As technology has developed, things have become easier. Before the Internet Age, we needed to go to bookstores to buy books. Now we can buy almost anything with just a few clicks of the mouse. In the past few years, this trend toward simplicity and ease has moved to investing. Welcome to the wonderful world of target-date funds.
At first glance, the target-date system seems straightforward enough. Buy a fund that corresponds with your year of retirement, never look at it again, and it will re-allocate your investments without your ever having to lift a finger. The fund grows increasingly conservative as you near your retirement date, and once you retire you’ll have enough money to support yourself from there on out. Piece of cake.
If only it were that simple.
There are a number of things to know before you put all your money into a target-date fund. First: you need to put all of your retirement money into the account for it to work as it is supposed to. For example, say you put 75% of your money into a target-date fund and it allocates 60% of your money in stocks and 40% in fixed income. Then say you take the remaining 25% and place it in value stocks, as the target-date fund does not offer value investing. Your allocation will be off: you will be investing too aggressively for your target date of retirement.
Second: not all target-date funds are created equal. Whether or not they share the same target date, funds are idiosyncratic entities, and each one has its own type of allocation and style of investing. There are discrepancies regarding percentages of fixed income, and the aggressiveness of each fund. In short, you need to study, know, and understand your chosen target-date fund before you put in your money.
Third: target-date funds do not change strategy if, due to conservative allocations or poor performance, your funds fail to grow at the ideal pace. You yourself need to change to a more aggressive fund in that case. In other words, you can’t go to sleep and let the target date fund do all the work for you. You still need to keep track and analyze how the fund is doing and make sure it is meeting your goals.
Most important: target-date funds have not been around long enough for us to know all the potential problems. During the market downturn of 2008 and 2009, a major flaw in the system was exposed. The market downturn exposed many target-date funds, and numerous investors discovered they had been exposed to more risk than they had realized. For example, according to Watson Wyatt Investment Consulting [i] , target-date funds with a target of 2010 had a median return of -31.9% between October 2007 and February 2009. Additionally, the 2008 returns for funds with a target of 2010 were spread within a range of 26%; highlighting the discrepancy between investing strategies of target-date funds. For a target date of such a short period of time, where most of the investments should have been in fixed income, these results represent an astoundingly large loss and a worrisomely wide variation between returns.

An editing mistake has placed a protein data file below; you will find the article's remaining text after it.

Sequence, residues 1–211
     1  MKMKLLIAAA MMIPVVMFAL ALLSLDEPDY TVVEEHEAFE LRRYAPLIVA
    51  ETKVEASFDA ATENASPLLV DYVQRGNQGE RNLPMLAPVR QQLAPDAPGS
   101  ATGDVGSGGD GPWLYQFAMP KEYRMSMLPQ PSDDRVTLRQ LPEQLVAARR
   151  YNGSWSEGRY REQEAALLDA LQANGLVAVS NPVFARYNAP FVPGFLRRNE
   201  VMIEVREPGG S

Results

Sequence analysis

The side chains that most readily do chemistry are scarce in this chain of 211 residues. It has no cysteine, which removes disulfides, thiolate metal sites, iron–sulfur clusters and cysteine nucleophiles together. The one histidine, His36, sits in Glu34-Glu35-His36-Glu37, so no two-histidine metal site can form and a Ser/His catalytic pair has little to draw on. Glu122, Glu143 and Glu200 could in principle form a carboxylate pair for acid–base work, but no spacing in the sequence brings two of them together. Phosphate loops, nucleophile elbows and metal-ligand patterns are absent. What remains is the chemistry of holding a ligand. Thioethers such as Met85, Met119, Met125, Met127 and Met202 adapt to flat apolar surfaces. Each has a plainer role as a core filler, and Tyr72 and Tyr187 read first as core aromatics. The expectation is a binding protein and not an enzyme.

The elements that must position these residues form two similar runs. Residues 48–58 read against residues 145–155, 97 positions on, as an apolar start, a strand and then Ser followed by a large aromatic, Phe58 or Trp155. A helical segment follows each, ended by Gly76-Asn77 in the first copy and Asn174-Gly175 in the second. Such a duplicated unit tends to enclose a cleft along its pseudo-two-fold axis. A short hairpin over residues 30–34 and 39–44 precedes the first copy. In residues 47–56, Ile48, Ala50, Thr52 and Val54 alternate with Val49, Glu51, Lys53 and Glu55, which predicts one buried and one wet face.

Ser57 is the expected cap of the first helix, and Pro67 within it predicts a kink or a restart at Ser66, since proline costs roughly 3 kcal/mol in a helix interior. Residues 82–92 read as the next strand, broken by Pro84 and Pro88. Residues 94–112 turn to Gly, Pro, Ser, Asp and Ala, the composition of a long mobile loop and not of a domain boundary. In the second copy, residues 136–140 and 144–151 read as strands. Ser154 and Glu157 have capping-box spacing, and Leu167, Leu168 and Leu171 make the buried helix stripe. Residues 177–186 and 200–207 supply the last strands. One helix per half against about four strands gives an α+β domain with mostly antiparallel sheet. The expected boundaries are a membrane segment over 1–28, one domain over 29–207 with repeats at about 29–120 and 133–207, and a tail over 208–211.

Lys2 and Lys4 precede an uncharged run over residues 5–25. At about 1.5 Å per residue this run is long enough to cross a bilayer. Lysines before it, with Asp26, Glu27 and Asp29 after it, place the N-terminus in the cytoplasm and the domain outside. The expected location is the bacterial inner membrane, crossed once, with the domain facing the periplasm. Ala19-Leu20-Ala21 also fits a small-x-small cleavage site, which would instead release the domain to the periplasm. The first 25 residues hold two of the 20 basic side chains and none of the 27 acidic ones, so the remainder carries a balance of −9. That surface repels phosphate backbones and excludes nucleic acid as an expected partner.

Some claim that the benefit of a target-date fund is that it’s cheaper than hiring an investment advisor, which in turn off-sets some of the fund’s less savory attributes. This is a misconception. The average target-date fund expense is 1.15%, according to Morningstar, Inc. The average advisor fee is approximately 1%, plus some additional costs for ETF’s, Mutual Funds and transaction fees. The difference is not substantial, and the benefits of an advisor probably outweigh the negatives.
All this is to say that target-date funds are not the quick-and-easy solution they are sometimes touted as. They must be heavily researched and kept under close supervision if you want to get your money’s worth. All in all, they may just not be worth it.
Eitan Tashman, MBA, Chartered Retirement Planning CounselorSM
Eitan is a fee-only financial planner and investment advisor and can be reached at [email protected] or 323-782-9600 ext. 17
Information presented in this article is believed to be factual and up-to-date, but we do not guarantee its accuracy and it should not be regarded as a complete analysis of the subjects discussed. All expressions of opinion reflect the judgment of the author as of the date of publication and are subject to change.
Information presented does not involve the rendering of personalized investment advice, but is limited to the dissemination of thoughts and opinions on investment topics.
[i] Press Releases: Target-Date Funds Require Better Benchmarking, Watson Wyatt Says – June 2009